What_is_Pain_Medicine What_is_Pain_Medicine What_is_Pain_Medicine What_is_Pain_Medicine What_is_Pain_Medicine What_is_Pain_Medicine What_is_Pain_Medicine What_is_Pain_Medicine What_is_Pain_Medicine What_is_Pain_Medicine What_is_Pain_Medicine What_is_Pain_Medicine What_is_Pain_Medicine
What is Pain Medicine:



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What is pain medicine ?

First, let's define what it is NOT !  Pain medicine is NOT pain management; pain management is simply providing some method to relieve pain (e.g. anesthesia, pills, injections) regardless of the cause of the pain.  Pain Management is not concerned with diagnosis, differential diagnosis, exploring causes of pain or examining the course of a pain disorder; it is simply the attempt to reduce pain by whatever means is chosen, regardless of cause, regardless of any other factors.

Pain medicine is an academic medical specialty involving the study of pain (Algology) and the DIAGNOSIS and TREATMENT of painful disorders.  The pain medicine specialist, who should be Board Certified by the American Board of Pain Medicine (or, in some cases sub-boards of other areas such as neurology/psychiatry, and rehab medicine), is interested in both diagnosing and treating (or managing) the pain disorder.  The pain medicine specialist is also concerned with addressing and managing those factors which make the pain disorder worse (e.g. psychiatric issues such as depression and anxiety spectrum disorders, insomnia, stress reactivity, addiction issues, and psychological and occupational factors) The pain disorder can be a chronic arthritic condition, it can be the long term results of surgical implantation of stabilizing metal, nerve damage, muscle damage, head injury, or a chronic disease such as diabetes (which often causes nerve damage in limbs).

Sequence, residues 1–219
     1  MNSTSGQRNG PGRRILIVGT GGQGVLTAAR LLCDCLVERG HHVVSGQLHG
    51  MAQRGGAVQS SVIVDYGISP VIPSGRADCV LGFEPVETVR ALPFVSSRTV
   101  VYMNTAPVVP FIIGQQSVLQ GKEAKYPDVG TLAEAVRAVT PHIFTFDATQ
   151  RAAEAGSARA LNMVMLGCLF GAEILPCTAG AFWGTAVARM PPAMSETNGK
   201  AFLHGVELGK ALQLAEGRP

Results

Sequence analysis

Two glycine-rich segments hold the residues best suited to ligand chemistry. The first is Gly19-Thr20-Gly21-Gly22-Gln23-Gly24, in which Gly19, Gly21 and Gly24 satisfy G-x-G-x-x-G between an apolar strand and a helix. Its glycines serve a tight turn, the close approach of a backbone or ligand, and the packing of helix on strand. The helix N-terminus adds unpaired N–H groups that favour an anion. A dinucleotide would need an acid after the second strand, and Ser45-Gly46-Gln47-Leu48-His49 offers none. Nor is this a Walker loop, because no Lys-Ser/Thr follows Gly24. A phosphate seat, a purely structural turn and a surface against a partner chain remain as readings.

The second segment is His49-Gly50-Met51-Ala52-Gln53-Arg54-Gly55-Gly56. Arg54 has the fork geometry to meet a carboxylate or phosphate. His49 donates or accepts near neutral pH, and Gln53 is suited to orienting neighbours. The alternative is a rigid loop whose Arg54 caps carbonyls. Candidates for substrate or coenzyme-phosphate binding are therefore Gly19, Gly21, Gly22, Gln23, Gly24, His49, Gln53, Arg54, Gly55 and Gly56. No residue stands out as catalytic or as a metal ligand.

Pain medicine specialists use physical examinations, neurological examinations, history questionnaires and imaging methods (e.g. ultrasound, MRIs, CT scans), and sometimes electrical nerve studies, to diagnose the condition causing the patient's pain.  Then, various treatment modalities are brought to target the pain disorder and its cause (s); these can include pharmacotherapy, neuropharmacology, injections of joints, muscles, and spinal targets, and the use of electro-medical modalities ranging from transcutaneous electrical nerve stimulation (TENS) to P-stim (peripheral nerve stimulation), and sometimes the surgical implantation of spinal cord stimulators.  Patients are often referred for physical therapy or provided with home based physical therapy exercise programs to encourage movement and activity.  Sometimes opiates are used in severe cases to control pain, especially for brief periods, and medications that target specific types of pain are often administered, e.g. anti-spasmodics (muscle relaxers), anti-inflammatory agents, and neuromodulators that dampen nerve damage pain.  The adjuvant medications are also called opiate sparing agents, as they allow pain to be controlled with lower doses and less side effect load of opiates.    Additionally the pain medicine specialist may detect anxiety and depressive spectrum illness that has been shown to reduce pain tolerance; in such cases the patient's anxiety and/or depressive disorder is treated with medications, or the patient is referred out for such.

Summarizing, the pain medicine specialist is a medical doctor (MD) who is an expert in the causes and course of painful conditions, and in the diagnosis and treatment of those conditions using a wide variety of treatment modalities. 



 

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